Senate Bill 410 (as reported without amendment)

Sponsor: Senator Jeff Irwin

Committee: Civil Rights, Judiciary, and Public Safety




The bill would amend Part 29 (Provisions Concerning Specific Actions) of the Revised Judicature Act to eliminate a drug manufacturer's or seller's immunity from product liability.


MCL 600.2946




According to testimony, Michigan is the only state that statutorily offers drug manufacturers a blanket defense for products liability. The immunity has prevented Michigan's residents and Attorney General (AG) from participating in national class action suits or filing complaints against pharmaceutical companies.[1] Some of the litigation against pharmaceutical companies has resulted in significant amounts of restitution for residents of other states. It has been suggested that Michigan's drug product liability immunity be deleted.



(This section does not provide a comprehensive account of previous legislative efforts on this subject matter.)


The bill is a reintroduction of Senate Bill 961 from the 2021-2022 Legislative Session.


Legislative Analyst: Tyler P. VanHuyse




The bill likely would have an indirect and indeterminate fiscal impact on the State and local governments as it would allow for high profile, high-dollar litigation for pharmaceutical products liability lawsuits against drug makers and sellers.


The AG could find several new avenues of litigation available for pharmaceutical products liability cases on behalf of the people of Michigan. Previous pharmaceutical products liability complaints filed by AGs have failed. In 2011, AG Mike Cox s lawsuit against Merck for $20.0 million was dismissed under the immunity protection.[2] In 2020, a Circuit Court dismissed AG Dana Nessel s claims of negligence and public nuisance against opioid distributors, also under the immunity protection.[3]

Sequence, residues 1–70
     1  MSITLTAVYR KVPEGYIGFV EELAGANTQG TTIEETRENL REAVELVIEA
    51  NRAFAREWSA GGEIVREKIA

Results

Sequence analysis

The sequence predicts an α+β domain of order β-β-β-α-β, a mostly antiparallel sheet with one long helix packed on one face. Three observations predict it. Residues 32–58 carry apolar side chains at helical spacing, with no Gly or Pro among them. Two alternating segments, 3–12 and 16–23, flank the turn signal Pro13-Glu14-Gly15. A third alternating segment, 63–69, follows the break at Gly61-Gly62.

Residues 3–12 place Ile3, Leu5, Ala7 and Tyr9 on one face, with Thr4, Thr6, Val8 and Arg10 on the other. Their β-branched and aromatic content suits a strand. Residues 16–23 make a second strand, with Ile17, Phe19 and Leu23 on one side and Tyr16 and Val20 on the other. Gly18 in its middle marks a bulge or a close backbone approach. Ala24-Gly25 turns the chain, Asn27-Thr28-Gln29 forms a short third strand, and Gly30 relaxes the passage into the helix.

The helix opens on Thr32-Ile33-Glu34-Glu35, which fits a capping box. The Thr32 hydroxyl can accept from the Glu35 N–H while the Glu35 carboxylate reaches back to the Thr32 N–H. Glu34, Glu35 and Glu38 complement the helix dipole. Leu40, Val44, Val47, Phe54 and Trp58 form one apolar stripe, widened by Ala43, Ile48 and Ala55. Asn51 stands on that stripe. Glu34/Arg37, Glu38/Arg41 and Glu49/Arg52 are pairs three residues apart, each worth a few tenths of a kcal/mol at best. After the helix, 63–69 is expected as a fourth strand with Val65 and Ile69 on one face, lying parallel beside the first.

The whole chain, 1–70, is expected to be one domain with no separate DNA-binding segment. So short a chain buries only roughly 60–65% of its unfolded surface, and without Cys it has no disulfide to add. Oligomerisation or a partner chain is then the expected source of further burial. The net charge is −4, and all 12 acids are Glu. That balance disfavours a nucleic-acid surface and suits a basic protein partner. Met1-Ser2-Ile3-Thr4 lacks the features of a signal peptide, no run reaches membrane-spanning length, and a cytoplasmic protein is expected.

Likewise, local governments, who previously failed in opioid-related lawsuits, would have a clearer path toward compensation by litigation. In 2020, claims made by Monroe County of negligence, public nuisance, unjust enrichment, fraud, and civil conspiracy related to the fraudulent marketing of opioids were dismissed as products liability actions under the immunity protection.[4]


Although the bill would not create or spend revenue directly, indirect revenue for the State and local governments through litigation would be likely. The amounts of any such benefit cannot be accurately determined, but some broad projections are possible with available data. Over the last five years in Michigan, products liability cases represented an average of 0.62% of all civil complaints.[5] After consideration of pre-pandemic statistics regarding civil case filings, this would mean roughly 250 products liability cases expected per year over the next several years statewide, of which an unknown handful could potentially be pharmaceutical products liability cases, should the bill be enacted. Potential judgement or settlement award amounts are indeterminate and would be based on the facts of each individual case. Nationwide, most pharmaceutical products liability cases allege off-label promotion and/or deceptive marketing.[6]


The most hidden economic impact could be deterrence. According to the Centers for Disease Control and Prevention, the combined cost to Michigan for opioid use disorder and overdose fatalities in 2017 was estimated at $41.4 billion dollars (nationwide estimates at $1.021 trillion).[7] The bill, if enacted, would not apply ex post facto. Any past damages while the immunity provision was in effect could not be the basis for future claims; however, enactment of the bill could alter pharmaceutical marketing and prescribing practices in anticipation of future litigation. This fiscal impact cannot be determined.


Date Completed: 10-13-23 Fiscal Analyst: Michael Siracuse




This analysis was prepared by nonpartisan Senate staff for use by the Senate in its deliberations and does not constitute an official statement of legislative intent.


[1] AG v Merck Sharp & Dohme Corp, 292 Mich App 1 (2011).

[2] Id.

[3] Mich. Ex rel. Nessel v Cardinal Health, Inc., 2020 Mich. Cir. LEXIS 1796.

[4] In re Nat l Prescription Opiate Litig., 458 F. Supp. 3d 665 (2020).

[5] "State Court Administrative Office: Interactive Court Data Dashboard", https://www.courts.michigan.gov/publications/statistics-and-reports/interactive-court-data-dashboard/

[6] Garber, Steven, Economic Effects of Product Liability and Other Litigation Involving the Safety and Effectiveness of Pharmaceuticals, available at:


[7] Luo, Li, et al., State-Level Economic Costs of Opioid Use Disorder and Fatal Opioid Overdose United States 2017, available at: https://www.cdc.gov/mmwr/volumes/70/wr/mm7015a1.htm